Four business lessons from Oprah Winfrey
Tuesday, January 9, 2018/
You might have thought you’d seen it all in the world of US politics, but the age of the celebrity candidate certainly seems far from over.
Fans of one of the world’s most prominent entrepreneurs, Oprah Winfrey, have spent the past 24 hours begging the presenter and media powerhouse to consider running for a Democratic nomination for the 2020 presidential race.
The calls come after Winfrey delivered a rousing speech when accepting the Cecil B. de Mille award for outstanding contributions to the world of entertainment at the 75th Golden Globe Awards ceremony on Monday.
Advocating for the importance of diverse female representation in the media, Winfrey reflected on the range of revelations about harassment in Hollywood, telling young women watching “a new day is on the horizon”.
Her speech has now been watched more than 1.5 million times, but Winfrey’s power goes well beyond yesterday’s performance. Boasting a Forbes-estimated net worth of $US2.8 billion ($3.57 billion), she is a media mogul, investor, presenter and cultural icon who has carved spaces for herself as both a performer and businesswoman.
Over the years, Winfrey has spoken countless times about motivation and passion in business, as well as how she maintains motivation to make that next move. Here are four business lessons from Oprah.
1. Bet on yourself
Speaking to a college graduating class last year, Winfrey reflected that across her career, every successful move has come down to “intentional living” and betting on herself and her own capabilities, rather than listening to others.
This involves ignoring voices around her who claim things are “too big of a risk” and instead listening to her inner voice when it tells her she is able to face those risks head on.
Spending time with yourself to work out your goals and abilities is tough, but Winfrey says it’s the best way to end up in the place you want to be.
“Every decision I’ve ever made, I’ve come back to that space,” she said.
2. Focus on other people’s vulnerabilities
In Winfrey’s Golden Globes speech yesterday, she discussed how a lot of her career has been a process of speaking to people about their struggles and the most vulnerable times in their lives.
Not only has this allowed her to build a community, she says it also feeds into her focus on gaining power by being truthful about yourself and recognising other people’s experiences.
“Speaking your truth is the most powerful tool we all have,” she said yesterday.
3. Make sure your success has meaning
“Let me tell you, money’s pretty nice,” Winfrey told an audience at Stanford University in 2008.
“But having a lot of money does not automatically make you a successful person. What you want is money and meaning.”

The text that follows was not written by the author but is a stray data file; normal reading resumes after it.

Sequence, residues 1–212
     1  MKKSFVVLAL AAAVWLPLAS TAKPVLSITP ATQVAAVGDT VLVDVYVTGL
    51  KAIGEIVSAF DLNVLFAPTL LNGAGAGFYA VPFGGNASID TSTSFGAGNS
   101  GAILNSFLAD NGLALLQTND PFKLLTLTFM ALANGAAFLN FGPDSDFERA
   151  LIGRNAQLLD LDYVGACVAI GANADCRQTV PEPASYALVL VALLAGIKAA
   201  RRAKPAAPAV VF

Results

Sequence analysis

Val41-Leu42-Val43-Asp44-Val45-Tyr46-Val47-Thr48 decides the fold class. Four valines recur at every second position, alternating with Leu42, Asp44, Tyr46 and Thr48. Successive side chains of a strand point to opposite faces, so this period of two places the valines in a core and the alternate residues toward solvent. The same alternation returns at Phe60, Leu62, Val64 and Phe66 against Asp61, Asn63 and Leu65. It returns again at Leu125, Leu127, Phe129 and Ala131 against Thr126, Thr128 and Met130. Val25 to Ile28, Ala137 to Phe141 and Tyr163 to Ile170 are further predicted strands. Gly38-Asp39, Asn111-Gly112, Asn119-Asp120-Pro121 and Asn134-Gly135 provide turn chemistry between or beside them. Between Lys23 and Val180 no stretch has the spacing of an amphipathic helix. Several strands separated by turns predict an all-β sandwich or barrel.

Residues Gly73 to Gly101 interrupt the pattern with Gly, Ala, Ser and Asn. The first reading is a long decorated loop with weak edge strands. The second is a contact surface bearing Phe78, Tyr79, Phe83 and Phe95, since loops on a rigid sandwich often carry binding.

Winfrey has spoken a number of times about making business and life decisions in line with your personal values rather than the profits, suggesting that ignoring your true values and feelings in business will only come back to bite you later.
“If you ignore the whisper, sooner or later you’ll get a scream,” she said.
4. Make peace with the bumpy ride
The Oprah Winfrey Show was a number-one rating talk program for two decades, but in 2013, Winfrey reflects that her decision to “recalculate” by launching her own TV network did not equate to immediate success.
Speaking to Harvard’s graduating class in 2013, she says mainstream media had called her Oprah Winfrey Network “a flop” just after it had launched and that she was embarrassed and in the “worst period of my professional life” when the new idea didn’t immediately get off the ground.
However, she says she sustained her motivation and determination to improve the network’s performance by subscribing to the idea that “this too shall pass”.
Saying the “law of averages” will see all entrepreneurs fail at some point, Winfrey advocates getting beyond disappointment and into determination.
“I am going to turn this thing around and I will be better for it,” she said of those early days with her new venture.
All that glitters is not gold: The upsurge of paid followers and engagement on LinkedIn Sue Parker DARE Group founder
Webcams and monitored bathroom breaks: Why employee monitoring is counter-productive Ian Whitworth Scene Change co-founder
Locked and uploaded: How to take bricks-and-mortar stores digital with video Michael Langdon Levity director
Why retailers have no idea about the future Dean Salakas The Party People chief
There's only one way to attract and retain millennial talent — but it'll cost you a few bricks Lauren Lowe Future Fitouts co-founder
Advice for going green, from one chief executive to another James Chin Moody Sendle co-founder